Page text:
The problem is that Boxer's push to mandate labels for all GMO foods, unless they are exempted, is a recipe for information overload. "We see calls for mandatory labeling as a means to misinform consumers," countered Cathleen Enright, executive vice president of the Biotechnology Industry Organization, "at the least to misinform, at the most to scare" consumers by suggesting that modified foods are "unsafe or different."
To the contrary, modified is the norm. Humans have been modifying plants for millenniums. About 70 to 80 percent of processed foods are made with genetically engineered ingredients.
If the measure ever did become law, it would be a bonanza for lobbyists and lawmakers as industry groups bow and scrape before federal dignitaries to win exemptions for their goods. Boxer's bill, the San Francisco Chronicle's Stacy Finz reported, would exempt meat and dairy that is, though not modified, fed engineered grain. Proposition 37 would have exempted alcohol; Boxer's bill would not. Imagine the scramble to win indulgences for restaurant meals, dairy and drink.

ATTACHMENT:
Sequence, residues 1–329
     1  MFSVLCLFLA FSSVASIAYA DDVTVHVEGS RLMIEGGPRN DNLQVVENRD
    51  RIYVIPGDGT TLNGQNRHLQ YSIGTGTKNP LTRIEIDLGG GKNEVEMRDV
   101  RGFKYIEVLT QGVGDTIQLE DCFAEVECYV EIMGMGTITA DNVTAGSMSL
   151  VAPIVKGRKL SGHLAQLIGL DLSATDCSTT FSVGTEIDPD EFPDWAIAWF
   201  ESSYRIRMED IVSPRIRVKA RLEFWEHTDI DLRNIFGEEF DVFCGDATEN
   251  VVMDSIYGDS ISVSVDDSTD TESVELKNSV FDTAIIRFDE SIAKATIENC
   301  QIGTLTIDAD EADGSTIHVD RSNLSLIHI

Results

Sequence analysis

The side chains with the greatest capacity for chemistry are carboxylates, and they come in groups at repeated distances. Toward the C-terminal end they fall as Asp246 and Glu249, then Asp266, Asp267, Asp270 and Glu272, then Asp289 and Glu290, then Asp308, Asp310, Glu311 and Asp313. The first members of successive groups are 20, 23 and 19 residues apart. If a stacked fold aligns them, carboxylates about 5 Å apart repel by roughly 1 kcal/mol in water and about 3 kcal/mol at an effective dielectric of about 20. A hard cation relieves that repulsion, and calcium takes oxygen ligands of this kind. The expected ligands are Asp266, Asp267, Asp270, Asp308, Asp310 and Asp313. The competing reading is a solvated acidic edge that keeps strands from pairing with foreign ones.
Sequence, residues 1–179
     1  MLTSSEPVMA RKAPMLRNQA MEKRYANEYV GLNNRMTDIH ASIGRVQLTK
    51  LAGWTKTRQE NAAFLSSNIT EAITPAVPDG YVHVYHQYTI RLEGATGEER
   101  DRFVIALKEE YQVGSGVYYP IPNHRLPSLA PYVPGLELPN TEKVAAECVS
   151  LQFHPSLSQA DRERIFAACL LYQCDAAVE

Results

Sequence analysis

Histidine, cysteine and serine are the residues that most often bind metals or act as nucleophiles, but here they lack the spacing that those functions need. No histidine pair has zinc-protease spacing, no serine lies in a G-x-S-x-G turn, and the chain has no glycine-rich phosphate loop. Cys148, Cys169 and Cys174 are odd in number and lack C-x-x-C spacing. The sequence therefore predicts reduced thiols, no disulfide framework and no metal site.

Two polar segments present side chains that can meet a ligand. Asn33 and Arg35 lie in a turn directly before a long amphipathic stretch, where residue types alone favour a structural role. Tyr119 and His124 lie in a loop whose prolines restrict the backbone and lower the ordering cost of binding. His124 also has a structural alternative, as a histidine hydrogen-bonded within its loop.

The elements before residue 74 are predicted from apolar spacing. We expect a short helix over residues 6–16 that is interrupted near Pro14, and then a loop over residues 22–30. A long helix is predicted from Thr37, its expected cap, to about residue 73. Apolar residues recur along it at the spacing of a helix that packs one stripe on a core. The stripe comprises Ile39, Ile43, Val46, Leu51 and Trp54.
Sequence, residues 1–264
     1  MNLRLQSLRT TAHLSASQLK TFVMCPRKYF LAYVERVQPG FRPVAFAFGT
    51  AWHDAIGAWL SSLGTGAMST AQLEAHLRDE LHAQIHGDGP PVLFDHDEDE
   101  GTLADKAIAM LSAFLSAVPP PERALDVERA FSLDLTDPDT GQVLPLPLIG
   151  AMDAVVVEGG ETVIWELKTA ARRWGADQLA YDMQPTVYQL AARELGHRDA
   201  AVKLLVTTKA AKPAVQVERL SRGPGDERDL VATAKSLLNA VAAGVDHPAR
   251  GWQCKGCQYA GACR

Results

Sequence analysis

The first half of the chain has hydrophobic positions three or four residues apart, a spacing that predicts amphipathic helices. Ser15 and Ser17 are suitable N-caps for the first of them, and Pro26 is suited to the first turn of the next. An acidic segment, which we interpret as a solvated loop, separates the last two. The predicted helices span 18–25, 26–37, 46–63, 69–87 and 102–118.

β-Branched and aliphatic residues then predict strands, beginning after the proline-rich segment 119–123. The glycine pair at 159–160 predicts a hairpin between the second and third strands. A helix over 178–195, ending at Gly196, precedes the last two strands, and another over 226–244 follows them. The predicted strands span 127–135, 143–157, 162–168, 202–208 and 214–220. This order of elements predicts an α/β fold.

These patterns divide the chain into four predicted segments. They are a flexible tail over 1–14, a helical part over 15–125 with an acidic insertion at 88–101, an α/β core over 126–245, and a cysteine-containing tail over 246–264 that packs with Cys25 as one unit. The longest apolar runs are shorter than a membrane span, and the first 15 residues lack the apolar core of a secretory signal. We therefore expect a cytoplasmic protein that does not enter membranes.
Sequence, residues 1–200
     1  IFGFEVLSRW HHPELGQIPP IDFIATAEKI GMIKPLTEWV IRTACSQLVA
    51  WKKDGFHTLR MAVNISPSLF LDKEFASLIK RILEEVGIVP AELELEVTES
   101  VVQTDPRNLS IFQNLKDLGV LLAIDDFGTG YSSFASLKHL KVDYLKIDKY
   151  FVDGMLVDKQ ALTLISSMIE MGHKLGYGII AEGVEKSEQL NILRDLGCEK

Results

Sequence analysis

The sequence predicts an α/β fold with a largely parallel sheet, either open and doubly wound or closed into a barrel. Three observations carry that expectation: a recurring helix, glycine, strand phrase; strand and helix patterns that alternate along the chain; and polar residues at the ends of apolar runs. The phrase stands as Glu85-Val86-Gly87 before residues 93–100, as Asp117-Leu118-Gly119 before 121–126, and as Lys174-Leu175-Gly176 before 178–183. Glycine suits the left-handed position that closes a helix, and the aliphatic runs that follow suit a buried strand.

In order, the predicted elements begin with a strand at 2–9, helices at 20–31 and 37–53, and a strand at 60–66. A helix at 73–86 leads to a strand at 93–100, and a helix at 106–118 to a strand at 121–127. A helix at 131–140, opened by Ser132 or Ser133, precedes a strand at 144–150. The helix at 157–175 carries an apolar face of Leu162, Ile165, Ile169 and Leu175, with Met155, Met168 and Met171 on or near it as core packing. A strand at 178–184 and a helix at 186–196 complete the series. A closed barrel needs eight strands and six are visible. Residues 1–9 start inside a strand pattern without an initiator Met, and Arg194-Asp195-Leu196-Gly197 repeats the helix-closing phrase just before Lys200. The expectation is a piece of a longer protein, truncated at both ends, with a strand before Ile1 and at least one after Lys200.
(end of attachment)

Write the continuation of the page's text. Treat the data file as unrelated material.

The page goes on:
If the public really has a right to know, there should be a warning label on all such measures that reads, simply: Shakedown.